Part of the underground rail tunnel was found to sit close to the intended location for stormwater raingardens. To avoid any potential damage to this structure caused by excavation needed for the gardens, this area will instead become part of an expanded shared area for pedestrians and cyclists.
Here’s stage 2 in context of the wider Beach Rd and Grafton Gully project
All up the project including stage 1 cost around $3.5 million of which $1.5 million came from the City Centre Targeted Rate
I believe the works are now mostly complete and here are a few images from a reader what the outcome looks like.
The project certainly looks beautiful and will be an asset to Auckland. There is one big concern I do have from a number of the images that I’ve seen so far though. It seems that many people are treating the cycle lane as a footpath, this is shown in the image below. Perhaps there are still signs to go in and/or it won’t be an issue once open so I’ll hold judgement for now but it is definitely an issue that I’m sure we and others will keep an eye on.
Here are also a few more images taken from one of the Scene buildings showing the works
The Wellington to Hutt Road is, and has been for a quite long time, one of the most popular and important cycle routes in New Zealand’s urban areas. It connects a busy downtown area with large suburban areas in the Hutt Valley, via a scenic harbour front. It’s also a rare flat route in a hilly city where cycling is relatively popular by New Zealand standards.
Given this, you’d expect there to be a safe, separated cycleway of adequate width squeezed somewhere in between the road and rail line. Unfortunately, you would be wrong.
If you’re headed northbound from Wellington to the Hutt Valley, you are required to squeeze into a narrow strip between two lanes of traffic and a vertiginous hillside. Some green paint has been provided along some parts of the route, as shown in the Google Street View:
I haven’t cycled this route, but if I was headed this way by bike I’d probably take the train to Melling and cycle north from there. It just doesn’t feel safe.
The southbound route seems a bit better, as a narrow strip of tarmac has been fenced off between the motorway and the rail tracks. This is helpful for people cycling to Wellington, but I’ve heard that it sometimes causes dangerous confusion for northbound cyclists who get on the separated path in Wellington and then find themselves tipped out against oncoming motorway traffic near Petone:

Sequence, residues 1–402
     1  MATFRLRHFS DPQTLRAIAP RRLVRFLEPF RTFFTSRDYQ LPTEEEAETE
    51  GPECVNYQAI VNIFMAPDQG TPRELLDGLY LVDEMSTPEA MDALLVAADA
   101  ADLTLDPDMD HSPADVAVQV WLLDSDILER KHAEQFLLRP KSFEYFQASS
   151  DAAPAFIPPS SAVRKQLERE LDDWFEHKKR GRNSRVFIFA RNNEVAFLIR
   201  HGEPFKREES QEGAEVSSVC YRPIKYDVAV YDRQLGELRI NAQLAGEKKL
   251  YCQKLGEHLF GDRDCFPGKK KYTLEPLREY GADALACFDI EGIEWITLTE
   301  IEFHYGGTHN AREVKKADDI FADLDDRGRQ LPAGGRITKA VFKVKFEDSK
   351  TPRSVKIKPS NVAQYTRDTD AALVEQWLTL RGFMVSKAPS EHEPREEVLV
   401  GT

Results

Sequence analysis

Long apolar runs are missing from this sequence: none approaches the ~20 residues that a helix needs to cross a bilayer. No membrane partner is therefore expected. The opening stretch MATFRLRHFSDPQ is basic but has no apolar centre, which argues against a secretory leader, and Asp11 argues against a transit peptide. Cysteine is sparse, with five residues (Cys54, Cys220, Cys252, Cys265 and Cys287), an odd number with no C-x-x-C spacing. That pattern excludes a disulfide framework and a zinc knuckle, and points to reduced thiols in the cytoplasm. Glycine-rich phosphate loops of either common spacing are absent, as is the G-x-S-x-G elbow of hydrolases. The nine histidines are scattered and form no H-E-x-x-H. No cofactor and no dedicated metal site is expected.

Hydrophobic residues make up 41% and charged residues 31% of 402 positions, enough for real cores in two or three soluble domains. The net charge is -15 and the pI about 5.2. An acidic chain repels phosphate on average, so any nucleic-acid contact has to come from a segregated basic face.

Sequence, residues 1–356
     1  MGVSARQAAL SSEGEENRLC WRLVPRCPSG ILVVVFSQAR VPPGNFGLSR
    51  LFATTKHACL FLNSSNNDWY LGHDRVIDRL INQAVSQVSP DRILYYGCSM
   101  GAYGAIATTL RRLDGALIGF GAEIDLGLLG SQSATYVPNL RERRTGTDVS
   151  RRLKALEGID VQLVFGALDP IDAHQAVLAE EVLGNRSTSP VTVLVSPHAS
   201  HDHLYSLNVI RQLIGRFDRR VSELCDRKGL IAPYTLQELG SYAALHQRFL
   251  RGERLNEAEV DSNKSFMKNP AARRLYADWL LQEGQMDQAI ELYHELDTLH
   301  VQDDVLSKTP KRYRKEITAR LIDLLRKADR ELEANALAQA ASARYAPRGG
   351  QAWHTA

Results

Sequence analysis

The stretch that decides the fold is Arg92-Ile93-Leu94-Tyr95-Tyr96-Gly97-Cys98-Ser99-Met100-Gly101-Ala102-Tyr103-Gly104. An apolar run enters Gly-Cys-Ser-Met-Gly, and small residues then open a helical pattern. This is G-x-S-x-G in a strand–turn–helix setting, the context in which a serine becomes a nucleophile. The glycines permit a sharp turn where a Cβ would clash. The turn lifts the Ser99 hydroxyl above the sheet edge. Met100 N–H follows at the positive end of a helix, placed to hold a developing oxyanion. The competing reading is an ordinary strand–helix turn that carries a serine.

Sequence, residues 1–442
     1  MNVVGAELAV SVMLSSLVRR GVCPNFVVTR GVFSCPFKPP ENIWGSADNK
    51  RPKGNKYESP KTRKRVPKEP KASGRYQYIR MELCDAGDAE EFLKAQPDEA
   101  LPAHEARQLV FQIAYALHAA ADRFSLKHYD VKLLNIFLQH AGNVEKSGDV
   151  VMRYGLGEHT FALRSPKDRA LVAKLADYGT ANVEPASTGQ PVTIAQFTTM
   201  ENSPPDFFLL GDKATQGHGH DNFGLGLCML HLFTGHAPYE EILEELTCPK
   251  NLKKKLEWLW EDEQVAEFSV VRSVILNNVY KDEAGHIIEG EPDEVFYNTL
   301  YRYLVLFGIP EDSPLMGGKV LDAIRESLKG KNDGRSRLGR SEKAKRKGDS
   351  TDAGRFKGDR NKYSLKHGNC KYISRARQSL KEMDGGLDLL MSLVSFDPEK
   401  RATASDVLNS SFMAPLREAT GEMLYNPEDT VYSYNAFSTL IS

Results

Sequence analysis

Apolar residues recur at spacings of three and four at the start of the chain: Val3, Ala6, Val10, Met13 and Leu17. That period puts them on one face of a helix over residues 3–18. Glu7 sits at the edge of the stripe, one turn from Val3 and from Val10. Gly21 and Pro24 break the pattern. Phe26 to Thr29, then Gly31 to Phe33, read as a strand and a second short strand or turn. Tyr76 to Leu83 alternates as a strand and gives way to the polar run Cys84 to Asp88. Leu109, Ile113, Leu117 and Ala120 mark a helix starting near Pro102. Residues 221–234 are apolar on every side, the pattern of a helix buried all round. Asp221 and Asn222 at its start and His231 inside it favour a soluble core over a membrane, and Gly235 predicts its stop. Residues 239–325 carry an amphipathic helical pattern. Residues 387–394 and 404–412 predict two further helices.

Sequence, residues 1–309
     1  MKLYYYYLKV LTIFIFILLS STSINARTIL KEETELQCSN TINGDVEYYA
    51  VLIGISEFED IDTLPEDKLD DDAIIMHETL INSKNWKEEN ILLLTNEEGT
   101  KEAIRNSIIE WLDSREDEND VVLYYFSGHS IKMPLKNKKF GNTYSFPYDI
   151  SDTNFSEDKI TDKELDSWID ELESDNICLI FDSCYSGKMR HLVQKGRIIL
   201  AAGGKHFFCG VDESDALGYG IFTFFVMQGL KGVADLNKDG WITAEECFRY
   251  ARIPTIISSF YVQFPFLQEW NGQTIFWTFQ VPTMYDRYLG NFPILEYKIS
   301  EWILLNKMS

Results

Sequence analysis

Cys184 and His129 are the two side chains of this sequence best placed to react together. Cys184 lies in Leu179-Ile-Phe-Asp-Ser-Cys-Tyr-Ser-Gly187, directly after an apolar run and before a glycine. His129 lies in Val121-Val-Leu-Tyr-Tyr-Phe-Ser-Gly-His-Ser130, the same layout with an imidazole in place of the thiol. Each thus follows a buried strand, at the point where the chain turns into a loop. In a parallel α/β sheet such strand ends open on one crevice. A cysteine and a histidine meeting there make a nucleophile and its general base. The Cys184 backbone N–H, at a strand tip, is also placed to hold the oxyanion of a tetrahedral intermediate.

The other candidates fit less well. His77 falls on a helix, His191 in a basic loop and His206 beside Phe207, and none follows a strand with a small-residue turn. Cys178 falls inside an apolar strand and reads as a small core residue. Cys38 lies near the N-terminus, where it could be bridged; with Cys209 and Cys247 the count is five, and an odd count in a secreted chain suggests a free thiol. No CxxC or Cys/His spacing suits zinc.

Unfortunately, the Wellington to Hutt Road has been disappointing people on bikes for a very long time. The Kennett Brothers fantastic book Ride: The Story of Cycling in New Zealand provides some background. Over a century ago, when cycling was a main mode of transport for many urban New Zealanders, there were Parliamentary debates over what should be done to improve the road for cycling, and working bees to remove sharp objects from the preexisting gravel cycle path. However, nothing much got done:
“When roads were improved for motorists, it was not always agreed that the cyclist should share them. Around the time of the First World War, some of the main Hutt Valley roads were bitumen sealed, but a by-law was passed forbidding cyclists from riding on them. On the main Hutt-Wellington route, cyclists and horses were forced to share a metalled path strewn with sharp objects from the nearby railway line. In one novel attempt to clean it up, a nail finding competition was won by a boy who bagged 391 of the total 1843 nails found on the path.”
The Kennetts dug up this old picture of the Wellington to Hutt cycleway in 1978, after almost a century of neglect:
The route is better today – the northbound cycle path is at least paved – but as the Google Street View shows, it’s still a far cry from a safe separated cycleway. The good news is that the NZTA’s new Urban Cycleways Programme looks like it will finally upgrade the route to an adequate standard.
One of the key projects in Wellington is the “Melling to CBD” cycleway, which seems to include an upgrade of the areas I’ve highlighted above:
I haven’t seen any detailed designs for the project yet, but the NZTA states that:
This project will provide a high quality cycleway between Melling and Wellington’s CBD, significantly improving the level of service for both cyclists and pedestrians. It will offer a safer and more attractive route for journeys between home and work or educational institutions, and will pay particular attention to how cyclists travel through intersections.
These additional facilities are expected to encourage new, less confident people to cycle as well as catering to the high numbers of people who use this route already.